Speckled trout bite despite dirty water

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Associated Press

Posted on February 25, 2013 at 10:36 AM

NEW ORLEANS (AP) — If Tristan Daire had never learned not to judge a book by its cover, he might have missed out on a fantastic speckled trout bite Tuesday.

Daire and his fishing buddy, Chas Champagne, had redfish on their brains when they hit the water near Chef Pass.

"We've got the Louisiana Saltwater Series redfish tournament coming up, so we went to poke around to see if we could find any reds along the Intracoastal," Daire said. "But the water was filthy dirty, and it was windy. We knew it wasn't going to happen."

So rather than waste the time on the water, the two anglers decided to check out some of their favorite speckled-trout haunts near the intersection of the Intracoastal Waterway and the Mississippi River-Gulf Outlet.

There, too, they found water that looked more suitable for planting than fishing. Such a lack of clarity is highly unusual for the area.

"It was filthy. I've never seen it that dirty," Daire said. "It's always clean there -- always. It was strange."

After a couple of fruitless stops, Daire and Champagne wandered over to the shuttered Bayou Bienvenue locks. From there, they worked northwest in the MR-GO and also east in the Intracoastal toward the Great Wall.

They picked up plenty speckled trout along the way, including fish up to 3 pounds.

"Over toward the Wall, the fish were smaller," Daire said. "They were 11 1/2- to 13-inch fish, but down the rocks, there were much better fish."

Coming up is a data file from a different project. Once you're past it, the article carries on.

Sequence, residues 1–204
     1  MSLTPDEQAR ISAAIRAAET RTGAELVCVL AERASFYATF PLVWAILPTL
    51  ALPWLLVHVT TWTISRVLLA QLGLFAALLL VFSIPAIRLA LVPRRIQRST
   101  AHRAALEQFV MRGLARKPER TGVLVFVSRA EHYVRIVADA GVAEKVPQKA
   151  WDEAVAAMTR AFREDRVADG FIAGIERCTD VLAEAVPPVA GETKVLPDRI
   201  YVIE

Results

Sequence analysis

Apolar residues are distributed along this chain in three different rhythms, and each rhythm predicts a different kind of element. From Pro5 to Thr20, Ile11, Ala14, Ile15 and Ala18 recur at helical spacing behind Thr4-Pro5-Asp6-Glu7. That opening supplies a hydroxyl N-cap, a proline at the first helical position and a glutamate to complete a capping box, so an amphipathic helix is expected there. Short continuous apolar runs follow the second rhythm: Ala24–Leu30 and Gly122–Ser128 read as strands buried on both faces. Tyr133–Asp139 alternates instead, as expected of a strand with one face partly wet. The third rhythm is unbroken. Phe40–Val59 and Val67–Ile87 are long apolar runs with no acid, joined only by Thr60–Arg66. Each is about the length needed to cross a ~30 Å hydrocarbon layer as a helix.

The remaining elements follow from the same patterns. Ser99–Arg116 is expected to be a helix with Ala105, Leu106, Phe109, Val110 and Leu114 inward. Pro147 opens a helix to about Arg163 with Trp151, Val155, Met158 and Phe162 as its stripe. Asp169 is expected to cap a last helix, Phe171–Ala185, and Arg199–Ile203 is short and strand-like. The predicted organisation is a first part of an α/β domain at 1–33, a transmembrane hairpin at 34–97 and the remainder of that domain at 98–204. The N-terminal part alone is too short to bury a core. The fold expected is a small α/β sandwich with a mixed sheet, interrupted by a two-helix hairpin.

The anglers found the fish in 15-25-foot water, which presented some unique challenges.

"With the water movement and the wind, you constantly had a belly in your line," Daire said. "It was tough to stay in contact with your bait."

The anglers had their most consistent success on tiger-colored Matrix Shads fished on 3/8-ounce jigheads.

"You had to be popping it pretty hard," Daire said. "That seemed to be the key to how they wanted it. I tried slowing down a few times, and didn't get a bite."

In addition to the specks, the anglers also caught redfish and black drum.

The fish were all deep, probably because of the recent cooler temperatures. Daire said they tried fishing the flats, but got skunked there.

A veteran of the area, Daire expects the specks to begin moving en masse toward Violet, Seabrook and the bridges in eastern Lake Pontchartrain during the first or second week of March. Until then, the bite should remain red-hot in the Intracoastal and MR-GO for anglers who don't let the dirty water scare them off.

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Information from: The Times-Picayune, http://www.nola.com

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